Cape and Schwietzer are not the first entrepreneurs to hone in on this problem.
A movement called direct primary care involves charging consumers a subscription fee for access to high-quality doctors, mostly in person. Direct primary care makes up less than ten percent of physician practices, but the Trump administration is now asking how it could help fund some of these practices for vulnerable seniors on Medicare.
Other start-ups are trying to increase access to primary care by experimenting with virtual-only approaches, such as smartphone apps to connect doctors and patients, like Doctor on Demand or AmericanWell. In general, insurance pays for these services, or they charge patients a fee of $40 to $50 per visit.
But 98point6 believes it’s onto something different by blending these two worlds, and leveraging technology to bring down the price. It now offers a messaging service for patients and doctors to connect at an introductory price of $20 a year with no additional fees for a visit (after the first year, it costs $120).
The subscription model can also help patient health by supporting an ongoing relationship between doctor and patient, Cape believes. “Our hope is that will engage with our users literally every month about something related to their health,” he said.
Apart from the price tag, the big draw for consumers is the ability to message a doctor at any time, Cape believes. As more consumers start to use it, that will cut down on the administrative work that is “burning out” doctors, potentially turning them into advocates for the product.
One example is the 98point6 assistant, essentially a bot, that conducts about half of the initial interview with the patient and presents that information to the doctor (Cape expects that percentage to increase over time, as the technology gets smarter).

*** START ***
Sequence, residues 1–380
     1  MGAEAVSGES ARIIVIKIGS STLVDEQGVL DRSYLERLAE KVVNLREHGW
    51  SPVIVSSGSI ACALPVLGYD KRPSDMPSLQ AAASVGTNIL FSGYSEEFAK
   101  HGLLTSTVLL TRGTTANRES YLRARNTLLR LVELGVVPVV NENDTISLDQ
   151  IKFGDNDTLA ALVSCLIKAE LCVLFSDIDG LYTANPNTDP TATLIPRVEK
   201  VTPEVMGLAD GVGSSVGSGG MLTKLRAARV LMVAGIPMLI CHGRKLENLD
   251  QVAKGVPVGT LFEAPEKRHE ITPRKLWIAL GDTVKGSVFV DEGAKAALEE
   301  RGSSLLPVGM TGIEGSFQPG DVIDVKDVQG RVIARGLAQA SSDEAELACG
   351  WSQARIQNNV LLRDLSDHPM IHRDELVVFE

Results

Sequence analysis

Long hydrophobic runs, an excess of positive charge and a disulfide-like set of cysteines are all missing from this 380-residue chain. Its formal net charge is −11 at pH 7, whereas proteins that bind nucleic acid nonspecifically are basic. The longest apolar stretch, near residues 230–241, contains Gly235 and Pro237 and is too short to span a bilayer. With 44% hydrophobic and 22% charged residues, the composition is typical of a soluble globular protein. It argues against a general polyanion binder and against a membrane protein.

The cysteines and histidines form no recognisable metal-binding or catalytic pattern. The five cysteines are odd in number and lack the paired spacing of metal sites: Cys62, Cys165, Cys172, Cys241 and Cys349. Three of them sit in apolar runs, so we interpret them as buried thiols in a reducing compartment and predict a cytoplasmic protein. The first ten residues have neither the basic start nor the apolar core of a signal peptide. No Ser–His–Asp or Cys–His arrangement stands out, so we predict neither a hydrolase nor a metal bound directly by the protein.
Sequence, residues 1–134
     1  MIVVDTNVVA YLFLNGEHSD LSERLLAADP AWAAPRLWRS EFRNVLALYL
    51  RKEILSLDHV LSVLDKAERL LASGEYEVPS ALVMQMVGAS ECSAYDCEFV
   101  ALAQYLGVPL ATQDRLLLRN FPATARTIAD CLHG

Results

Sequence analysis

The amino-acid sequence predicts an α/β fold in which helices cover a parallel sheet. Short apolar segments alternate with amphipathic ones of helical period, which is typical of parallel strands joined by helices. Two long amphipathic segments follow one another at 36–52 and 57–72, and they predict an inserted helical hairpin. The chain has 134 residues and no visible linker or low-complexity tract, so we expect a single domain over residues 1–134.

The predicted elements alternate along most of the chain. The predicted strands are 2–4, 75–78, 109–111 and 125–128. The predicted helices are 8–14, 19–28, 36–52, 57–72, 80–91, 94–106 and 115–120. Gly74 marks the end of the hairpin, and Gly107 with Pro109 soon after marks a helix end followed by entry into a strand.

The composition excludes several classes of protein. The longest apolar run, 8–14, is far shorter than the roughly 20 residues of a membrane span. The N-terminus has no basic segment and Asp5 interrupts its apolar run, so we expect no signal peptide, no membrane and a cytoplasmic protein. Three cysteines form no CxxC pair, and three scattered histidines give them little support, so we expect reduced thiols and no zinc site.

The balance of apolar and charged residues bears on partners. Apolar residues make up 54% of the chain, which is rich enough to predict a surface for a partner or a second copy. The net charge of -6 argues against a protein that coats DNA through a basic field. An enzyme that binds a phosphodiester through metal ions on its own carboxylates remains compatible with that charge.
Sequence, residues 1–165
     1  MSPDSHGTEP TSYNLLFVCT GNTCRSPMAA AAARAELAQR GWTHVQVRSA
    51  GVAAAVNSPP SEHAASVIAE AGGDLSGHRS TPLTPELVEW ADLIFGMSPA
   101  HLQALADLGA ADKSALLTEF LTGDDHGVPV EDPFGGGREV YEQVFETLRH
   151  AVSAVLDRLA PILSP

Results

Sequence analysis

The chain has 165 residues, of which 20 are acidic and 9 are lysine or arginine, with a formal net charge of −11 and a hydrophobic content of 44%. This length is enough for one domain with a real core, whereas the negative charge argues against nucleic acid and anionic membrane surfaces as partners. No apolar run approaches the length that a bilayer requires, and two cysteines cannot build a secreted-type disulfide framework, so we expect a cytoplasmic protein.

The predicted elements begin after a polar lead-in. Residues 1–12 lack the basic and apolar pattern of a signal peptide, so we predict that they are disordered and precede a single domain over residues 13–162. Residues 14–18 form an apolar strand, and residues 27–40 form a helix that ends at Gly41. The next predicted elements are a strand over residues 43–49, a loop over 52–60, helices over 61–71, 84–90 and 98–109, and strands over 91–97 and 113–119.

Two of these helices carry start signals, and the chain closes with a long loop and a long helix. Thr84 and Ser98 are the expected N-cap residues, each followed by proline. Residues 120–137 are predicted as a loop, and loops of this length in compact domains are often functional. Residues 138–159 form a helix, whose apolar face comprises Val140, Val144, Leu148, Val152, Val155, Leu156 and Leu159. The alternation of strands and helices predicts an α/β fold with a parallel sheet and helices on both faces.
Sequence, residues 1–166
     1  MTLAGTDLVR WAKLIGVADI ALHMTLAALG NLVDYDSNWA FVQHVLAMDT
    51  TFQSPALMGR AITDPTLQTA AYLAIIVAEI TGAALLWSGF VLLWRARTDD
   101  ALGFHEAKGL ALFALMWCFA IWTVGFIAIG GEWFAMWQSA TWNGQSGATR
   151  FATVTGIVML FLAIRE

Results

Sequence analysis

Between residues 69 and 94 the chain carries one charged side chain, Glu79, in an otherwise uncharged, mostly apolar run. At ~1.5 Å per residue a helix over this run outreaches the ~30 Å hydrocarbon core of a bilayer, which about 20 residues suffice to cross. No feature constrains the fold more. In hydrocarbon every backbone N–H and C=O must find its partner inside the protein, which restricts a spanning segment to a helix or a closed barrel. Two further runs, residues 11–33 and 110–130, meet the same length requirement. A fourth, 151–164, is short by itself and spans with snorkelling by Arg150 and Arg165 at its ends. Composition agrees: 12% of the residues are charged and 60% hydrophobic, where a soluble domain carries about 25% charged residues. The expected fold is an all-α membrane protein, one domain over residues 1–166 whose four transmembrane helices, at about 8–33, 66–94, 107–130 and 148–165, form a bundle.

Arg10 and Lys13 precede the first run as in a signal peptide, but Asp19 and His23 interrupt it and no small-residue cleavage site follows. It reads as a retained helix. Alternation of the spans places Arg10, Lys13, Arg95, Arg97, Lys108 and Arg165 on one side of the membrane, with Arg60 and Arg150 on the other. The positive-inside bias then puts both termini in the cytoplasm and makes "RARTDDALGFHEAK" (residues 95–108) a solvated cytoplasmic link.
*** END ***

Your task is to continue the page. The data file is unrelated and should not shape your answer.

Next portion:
98point6 is also pushing to get companies to cover the service.
The company told CNBC that about 50 self-insured employers have signed up so far, ranging from Seattle Children’s Hospital to Washington-based Red Lion Hotels. Cape said that the utilization rate for their service, meaning the percentage of employees who take advantage of the benefit, is higher than most at about 6 percent (the average for telemedicine hovers around 2 or 3 percent for a number of reasons, including a lack of awareness among employees).
As a result, growth is starting to take off. The company said it now has 160,000 members, either enrolled through their employer or paying for it out-of-pocket. As of January, it’s licensed to practice medicine in all 50 states plus Washington, D.C.
Cape recruited another Amazon cloud vet, Damon Lanphear, to run the technology team. It has also hired 16 doctors, including a chief medical officer who still practices, Brad Younggren. A former Surgeon General under the Obama administration, Regina Benjamin, now sits on its board.
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